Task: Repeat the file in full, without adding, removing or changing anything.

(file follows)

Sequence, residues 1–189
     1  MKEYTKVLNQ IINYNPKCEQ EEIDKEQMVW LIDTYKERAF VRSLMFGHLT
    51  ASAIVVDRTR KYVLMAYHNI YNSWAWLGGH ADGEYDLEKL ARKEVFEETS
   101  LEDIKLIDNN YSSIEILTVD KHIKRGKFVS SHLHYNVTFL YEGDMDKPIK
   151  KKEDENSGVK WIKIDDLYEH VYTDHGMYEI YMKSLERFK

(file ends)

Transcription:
Sequence, residues 1–189
     1  MKEYTKVLNQ IINYNPKCEQ EEIDKEQMVW LIDTYKERAF VRSLMFGHLT
    51  ASAIVVDRTR KYVLMAYHNI YNSWAWLGGH ADGEYDLEKL ARKEVFEETS
   101  LEDIKLIDNN YSSIEILTVD KHIKRGKFVS SHLHYNVTFL YEGDMDKPIK
   151  KKEDENSGVK WIKIDDLYEH VYTDHGMYEI YMKSLERFK